Having largely given up on our quest for a vacation home in Florida, as chronicled in a previous post, we turned our attention toward the idea of a motorized vacation home. We narrowed our choices down to a relatively small Class C motor home, just enough for us and the dogs. I must have looked at a thousand of them online before I located one in nearby Burlington, Iowa. Stacey and I drove up one night to look at it, then, after some discussion, drove up the next night to pick it up. It’s a 2004 Winnebago, also known as a Minnie Winnie. At 24 feet, it’s not insanely large. I was surprised at how powerful and agile it seemed on the drive home. The Ford E450 10-cylinder gives it plenty of oomph.
We stocked it with all the dishes we had shipped back from California, kitchenware originally from my Mom and Dad’s 5th-wheel trailer. I read the whole manual and went through the thing as well as I could. We scheduled our shakedown cruise for a weekend in Wakonda State Park. Our friends Henry and Teresa Gunsauls joined us two campsites down with their pop-up trailer.
|Two dogs, two people, and the Minnie Winnie. From August 2012|
I should mention that we were all later to arrive than expected. On Friday afternoon, I was called to a fire in Canton, while Henry was called to a fire in La Grange (where he is Chief). After I cleaned up, I drove the Minnie Winnie and Stacey drove the pick-up truck with the kayaks to the nearby park. Our campsite was a lovely spot next to the lake, with full hook-ups. It was quite warm, as it has been most of the summer. I took the kayak out late Saturday morning after Stacey had made a delicious breakfast of pancakes. I only caught one fish, but it was a nice, 16-inch bass. I saw a soft-shelled turtle slide down the shore into the lake, the usual great blue herons, and several wildflowers. Gerardia was in bloom (pretty little purple flowers) along the shore, which was very exposed by the low water. I looked for agates among the rocks, but didn’t see any.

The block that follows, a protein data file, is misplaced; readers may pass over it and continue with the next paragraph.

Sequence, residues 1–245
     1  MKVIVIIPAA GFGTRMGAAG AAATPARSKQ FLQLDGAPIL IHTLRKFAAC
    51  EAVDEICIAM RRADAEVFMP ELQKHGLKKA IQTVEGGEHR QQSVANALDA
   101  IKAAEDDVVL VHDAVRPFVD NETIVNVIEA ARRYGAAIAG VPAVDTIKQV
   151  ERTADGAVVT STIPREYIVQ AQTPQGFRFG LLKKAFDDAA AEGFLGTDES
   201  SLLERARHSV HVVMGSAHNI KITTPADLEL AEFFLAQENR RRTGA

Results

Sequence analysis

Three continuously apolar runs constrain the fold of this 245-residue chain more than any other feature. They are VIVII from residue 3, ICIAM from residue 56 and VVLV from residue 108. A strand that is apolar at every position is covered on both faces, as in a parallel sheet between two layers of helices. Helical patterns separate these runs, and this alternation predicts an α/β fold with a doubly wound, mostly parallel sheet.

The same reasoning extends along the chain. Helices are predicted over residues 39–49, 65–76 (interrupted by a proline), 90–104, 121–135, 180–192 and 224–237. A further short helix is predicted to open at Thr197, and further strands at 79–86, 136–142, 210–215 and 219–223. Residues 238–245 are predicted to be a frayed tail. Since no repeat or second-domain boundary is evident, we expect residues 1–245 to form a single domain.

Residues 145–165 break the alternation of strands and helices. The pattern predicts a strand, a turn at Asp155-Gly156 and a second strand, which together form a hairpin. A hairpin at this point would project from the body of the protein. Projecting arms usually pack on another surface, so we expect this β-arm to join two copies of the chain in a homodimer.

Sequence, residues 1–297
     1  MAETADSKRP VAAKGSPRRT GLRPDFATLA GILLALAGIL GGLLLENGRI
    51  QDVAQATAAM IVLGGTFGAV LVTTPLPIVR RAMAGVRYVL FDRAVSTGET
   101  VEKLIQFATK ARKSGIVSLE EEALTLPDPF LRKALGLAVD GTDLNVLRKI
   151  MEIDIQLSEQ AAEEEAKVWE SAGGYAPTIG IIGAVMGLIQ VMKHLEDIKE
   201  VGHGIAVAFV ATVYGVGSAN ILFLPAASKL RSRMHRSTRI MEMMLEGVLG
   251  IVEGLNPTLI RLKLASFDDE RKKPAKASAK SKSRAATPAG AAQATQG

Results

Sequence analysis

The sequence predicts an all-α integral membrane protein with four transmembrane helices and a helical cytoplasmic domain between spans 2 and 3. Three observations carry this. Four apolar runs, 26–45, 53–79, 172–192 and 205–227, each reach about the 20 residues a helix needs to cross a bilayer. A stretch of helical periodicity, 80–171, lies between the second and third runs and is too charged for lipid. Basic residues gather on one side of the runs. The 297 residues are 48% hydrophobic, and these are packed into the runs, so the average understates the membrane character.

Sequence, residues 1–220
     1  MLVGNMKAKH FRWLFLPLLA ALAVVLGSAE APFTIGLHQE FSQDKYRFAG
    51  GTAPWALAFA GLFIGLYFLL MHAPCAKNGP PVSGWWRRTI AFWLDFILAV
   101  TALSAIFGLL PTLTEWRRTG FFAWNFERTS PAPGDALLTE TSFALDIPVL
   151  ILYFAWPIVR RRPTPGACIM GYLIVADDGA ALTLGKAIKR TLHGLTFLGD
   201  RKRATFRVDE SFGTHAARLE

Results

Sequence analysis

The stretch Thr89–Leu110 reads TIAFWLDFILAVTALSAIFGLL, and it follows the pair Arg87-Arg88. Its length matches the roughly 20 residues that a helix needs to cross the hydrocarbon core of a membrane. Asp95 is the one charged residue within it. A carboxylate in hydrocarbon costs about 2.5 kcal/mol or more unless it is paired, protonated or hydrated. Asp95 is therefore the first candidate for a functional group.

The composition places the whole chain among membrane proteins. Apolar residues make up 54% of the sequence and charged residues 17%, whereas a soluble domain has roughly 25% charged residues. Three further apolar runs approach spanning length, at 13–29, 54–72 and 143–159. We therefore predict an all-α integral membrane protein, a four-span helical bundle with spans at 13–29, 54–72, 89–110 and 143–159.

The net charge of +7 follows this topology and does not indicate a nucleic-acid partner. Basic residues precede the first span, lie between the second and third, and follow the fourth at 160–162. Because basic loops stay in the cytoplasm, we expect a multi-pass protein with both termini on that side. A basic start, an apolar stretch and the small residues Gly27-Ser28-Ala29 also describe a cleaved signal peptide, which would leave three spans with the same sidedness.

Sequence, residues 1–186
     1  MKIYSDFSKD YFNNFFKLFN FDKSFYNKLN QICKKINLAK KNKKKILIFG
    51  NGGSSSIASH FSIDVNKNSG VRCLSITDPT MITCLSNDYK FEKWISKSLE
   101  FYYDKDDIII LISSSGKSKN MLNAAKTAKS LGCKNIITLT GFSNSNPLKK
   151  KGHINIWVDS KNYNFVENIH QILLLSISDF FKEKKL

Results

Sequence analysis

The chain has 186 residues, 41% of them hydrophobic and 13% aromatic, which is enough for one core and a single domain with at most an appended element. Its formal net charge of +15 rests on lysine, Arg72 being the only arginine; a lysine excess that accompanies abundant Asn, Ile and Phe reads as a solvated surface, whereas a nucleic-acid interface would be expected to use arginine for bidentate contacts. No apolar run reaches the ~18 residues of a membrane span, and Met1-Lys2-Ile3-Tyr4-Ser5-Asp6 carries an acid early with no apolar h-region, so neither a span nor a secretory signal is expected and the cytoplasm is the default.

In the afternoon the wind picked up. We retracted the awning just before it began to rain. We spent the time relaxing, reading and napping. Stacey got a lot of sewing done, a hobby she seldom gets to enjoy at home, as there always seem to be more pressing matters afoot. The dogs adapted to the camping lifestyle quite well. They barked at dogs from neighboring camps, but that’s to be expected. Big Guy slept on the couch or on the floor, Gretchen slept in the overcab bed with us, but with some difficulty. We had to keep her from jumping down, and she seemed to have trouble settling herself on the first night. Henry and Teresa have a dog even larger than Big Guy A beautiful Great Dane in the harlequin pattern, Maltese is about 140 lb. We wanted to introduce them on neutral territory, but while I was walking our dogs around the campground, Maltese saw us, ran to the end of his cable, broke the plastic buckle on his collar, and, without breaking stride, came running right up. They weren’t exactly fast friends, but their greetings were cordial enough in dog terms. Later they had a slight disagreement. Big Guy always barks at strange men, such as Henry. Maltese felt obliged to defend his Daddy, and barked right back. We all agreed that they just need to spend some time running free and playing with each other. Gretchen was quick to bark at strangers, but we were usually able to calm her down quickly. On Sunday morning when I came back in with the kayak, she didn’t know what to make of me and barked like mad. They were so tired from the adventure that I think they slept for about 2 days.
|Gretchen loves the fan, even with the air conditioning on. From August 2012|
Saturday night we attempted to barbeque, but the rain made that difficult. The chicken didn’t turn out quite right, and my attempt at peach cobbler in the dutch oven was a complete failure. At least the company and conversation (and maybe drinks) were good! Our friend Amanda came out to visit during dinner.
|Big Guy loves his food, either indoors or outdoors. From August 2012|
Sunday it was raining. We didn’t have to leave until 2:00 p.m., but it didn’t make much sense to hang around. We unhooked, packed up, dumped our black and grey waters, and went home. I wrote Lowell a corollary to Murphy’s law which stated that, in any system sufficiently complex, something will always be broken. Lowell wrote, “Murphy was an optimist!” Lowell was right. We made a list of things that need to be fixed in the RV. It’s mostly little stuff, and about what you’d expect in a used unit of this age. For one thing, our sewer hose was too short. Most things will be easy, inexpensive fixes. Overall, we were very pleased with our experience and look forward to our next outing.